Small Callistemon lend themselves to the Aussie Cottage Garden, Green John™ Callistemon is the Smallest Callistemon available, and the deep red flowers in Spring and Autumn contrast beautifully with the dark green foliage. Better John™ Callistemon simply grows better than Green John™ Callistemon, yet has the same blue toned foliage with red flowers.
Grasses have become very popular in the English Cottage Garden, but many of those used overseas are either weeds here, or do not cope with our heat. Luckily we have some magnificent native grasses and strappy leaf plants that can be used in place of these. Nafray® Pennisetum and Purple Lea® Pennisetum grow really well in our climate, and provide stunning flowers in autumn. Kingsdale™ Poa is the go to tussock grass with clean blue foliage.
Grasses do need trimming each year after they turn brown, and some people do not like that extra work. Some Australian strappy leaf plants look like ornamental grasses, but only need trimming every few years. The most famous is Tanika® Lomandra known for its fine dark green leaves, and its tidy appearance, it is the go to grass like plant for the Australian cottage garden. Shara™ Lomandra is a new fine leaf form of Lomandra, which works well in humid climates like Queensland, but also works well in wet feet situations. The weeping foliage Tropic Cascade™ Lomandra (Qld NSW) and Southern Cascade™ Lomandra (Southern States) feels right at home in this type of garden. Variegated Tanika™ Lomandra provides contrasting white and green foliage that for your native cottage garden.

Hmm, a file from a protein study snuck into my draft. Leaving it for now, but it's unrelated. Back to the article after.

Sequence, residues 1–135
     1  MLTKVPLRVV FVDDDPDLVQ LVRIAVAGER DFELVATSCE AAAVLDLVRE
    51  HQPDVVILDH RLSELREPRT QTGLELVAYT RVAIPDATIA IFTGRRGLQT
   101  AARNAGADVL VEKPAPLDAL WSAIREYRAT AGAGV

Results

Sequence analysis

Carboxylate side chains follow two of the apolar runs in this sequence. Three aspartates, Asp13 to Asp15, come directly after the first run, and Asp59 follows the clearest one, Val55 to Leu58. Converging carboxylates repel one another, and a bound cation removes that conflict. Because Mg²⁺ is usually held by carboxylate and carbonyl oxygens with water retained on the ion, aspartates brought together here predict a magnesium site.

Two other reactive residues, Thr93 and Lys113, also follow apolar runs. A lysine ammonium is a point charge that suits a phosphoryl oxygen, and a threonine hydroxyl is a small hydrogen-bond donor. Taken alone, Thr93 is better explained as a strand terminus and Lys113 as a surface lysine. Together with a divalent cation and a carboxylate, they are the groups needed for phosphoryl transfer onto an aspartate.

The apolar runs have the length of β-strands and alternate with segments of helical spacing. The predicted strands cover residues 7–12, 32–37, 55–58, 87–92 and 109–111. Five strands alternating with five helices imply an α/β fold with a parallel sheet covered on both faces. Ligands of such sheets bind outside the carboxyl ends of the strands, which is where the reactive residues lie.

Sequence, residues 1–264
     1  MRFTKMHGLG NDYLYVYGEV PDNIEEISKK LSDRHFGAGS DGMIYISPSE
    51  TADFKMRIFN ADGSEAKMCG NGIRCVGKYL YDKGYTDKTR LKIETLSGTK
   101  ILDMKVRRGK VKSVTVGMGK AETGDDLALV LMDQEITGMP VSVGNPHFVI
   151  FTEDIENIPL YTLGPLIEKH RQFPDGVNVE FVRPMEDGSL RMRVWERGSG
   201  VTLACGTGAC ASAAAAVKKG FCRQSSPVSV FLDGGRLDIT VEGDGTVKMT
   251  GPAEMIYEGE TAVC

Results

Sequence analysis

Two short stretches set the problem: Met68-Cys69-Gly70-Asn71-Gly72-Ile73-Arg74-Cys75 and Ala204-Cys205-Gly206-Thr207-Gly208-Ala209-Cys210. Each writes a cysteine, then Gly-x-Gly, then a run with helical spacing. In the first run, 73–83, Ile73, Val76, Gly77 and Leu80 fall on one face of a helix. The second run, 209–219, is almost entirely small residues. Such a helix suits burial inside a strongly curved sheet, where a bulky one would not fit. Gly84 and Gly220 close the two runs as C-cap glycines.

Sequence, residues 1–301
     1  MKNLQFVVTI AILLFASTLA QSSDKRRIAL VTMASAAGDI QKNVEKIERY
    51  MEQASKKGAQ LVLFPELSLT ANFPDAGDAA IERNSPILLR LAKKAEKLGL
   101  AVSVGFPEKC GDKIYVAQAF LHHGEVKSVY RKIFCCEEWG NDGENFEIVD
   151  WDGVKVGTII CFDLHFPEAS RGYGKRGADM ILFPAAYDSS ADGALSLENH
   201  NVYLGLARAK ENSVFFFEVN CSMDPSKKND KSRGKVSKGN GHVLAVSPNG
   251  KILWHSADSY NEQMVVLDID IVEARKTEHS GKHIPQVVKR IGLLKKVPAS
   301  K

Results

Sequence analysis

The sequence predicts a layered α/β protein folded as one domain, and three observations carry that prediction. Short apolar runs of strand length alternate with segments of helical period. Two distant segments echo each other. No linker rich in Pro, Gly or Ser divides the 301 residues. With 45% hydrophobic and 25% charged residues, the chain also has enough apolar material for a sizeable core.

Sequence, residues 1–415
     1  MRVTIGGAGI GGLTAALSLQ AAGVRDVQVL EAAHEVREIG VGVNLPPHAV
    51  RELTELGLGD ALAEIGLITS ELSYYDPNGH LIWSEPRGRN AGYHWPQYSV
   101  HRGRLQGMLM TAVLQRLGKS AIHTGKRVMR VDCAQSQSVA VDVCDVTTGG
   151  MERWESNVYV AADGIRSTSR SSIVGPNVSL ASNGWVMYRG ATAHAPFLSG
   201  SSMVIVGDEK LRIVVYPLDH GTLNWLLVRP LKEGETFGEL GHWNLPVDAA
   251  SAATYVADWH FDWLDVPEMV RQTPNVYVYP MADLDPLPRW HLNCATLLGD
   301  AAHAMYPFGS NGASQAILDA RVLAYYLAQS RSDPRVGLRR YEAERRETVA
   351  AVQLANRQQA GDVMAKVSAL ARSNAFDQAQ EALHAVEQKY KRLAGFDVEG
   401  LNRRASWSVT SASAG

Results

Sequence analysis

Some exotic plants fit right into cottage gardens, but in Australia you need to choose ones that are long lived and ones that survive our extremes. Red foliage has become popular in cottage gardens overseas, and three new Nandina make red foliage easy to come by. Flirt™ Nandina is a ground cover plant and Obsession™ Nandina and Blush™ Nandina are small shrub forms that have red foliage for up to 9 months of the year. These do not rely on cold to turn them red, as all their new growth is red, so they are just as red in summer as winter.
Alternanthera is generally not thought of as a tough plant in Australia, but Little ruby™ Alternanthera is not only tougher in the cold than the standard form, it is actually a ground cover type, providing cottage gardens with low growing deep purple foliage. Gazania has copped a lot of bad press lately, and all bar Double Gold™ Gazania has been banned in South Australia. Double Gold™ Gazania is 100% sterile, cannot become weedy and it will provide big bold gold flowers and blue toned foliage. O So Fine™ Gardenia is a fine leaf short internode form of Gardenia radicans. This ground cover stays denser than the common form and does not open up and become sparse in our Australian conditions.
Having a great looking Australian native cottage garden has become a reality in Australia thanks to innovative plant breeding. If you want exotics in the garden, the choice has now grown and best of all, some of these new hardy exotics survive without too much effort in Australia.